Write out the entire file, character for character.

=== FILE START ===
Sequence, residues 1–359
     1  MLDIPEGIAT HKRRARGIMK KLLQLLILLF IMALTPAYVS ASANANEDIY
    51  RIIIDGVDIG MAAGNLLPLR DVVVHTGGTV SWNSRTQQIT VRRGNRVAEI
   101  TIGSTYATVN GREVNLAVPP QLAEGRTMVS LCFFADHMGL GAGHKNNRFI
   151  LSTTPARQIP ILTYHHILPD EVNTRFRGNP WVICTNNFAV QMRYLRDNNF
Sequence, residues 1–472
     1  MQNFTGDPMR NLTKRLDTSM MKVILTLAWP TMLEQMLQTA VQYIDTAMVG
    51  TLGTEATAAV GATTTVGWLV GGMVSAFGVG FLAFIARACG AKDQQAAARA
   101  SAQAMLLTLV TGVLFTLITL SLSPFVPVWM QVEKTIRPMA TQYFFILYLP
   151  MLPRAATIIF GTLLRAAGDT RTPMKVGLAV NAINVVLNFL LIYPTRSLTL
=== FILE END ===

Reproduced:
Sequence, residues 1–359
     1  MLDIPEGIAT HKRRARGIMK KLLQLLILLF IMALTPAYVS ASANANEDIY
    51  RIIIDGVDIG MAAGNLLPLR DVVVHTGGTV SWNSRTQQIT VRRGNRVAEI
   101  TIGSTYATVN GREVNLAVPP QLAEGRTMVS LCFFADHMGL GAGHKNNRFI
   151  LSTTPARQIP ILTYHHILPD EVNTRFRGNP WVICTNNFAV QMRYLRDNNF
Sequence, residues 1–472
     1  MQNFTGDPMR NLTKRLDTSM MKVILTLAWP TMLEQMLQTA VQYIDTAMVG
    51  TLGTEATAAV GATTTVGWLV GGMVSAFGVG FLAFIARACG AKDQQAAARA
   101  SAQAMLLTLV TGVLFTLITL SLSPFVPVWM QVEKTIRPMA TQYFFILYLP
   151  MLPRAATIIF GTLLRAAGDT RTPMKVGLAV NAINVVLNFL LIYPTRSLTL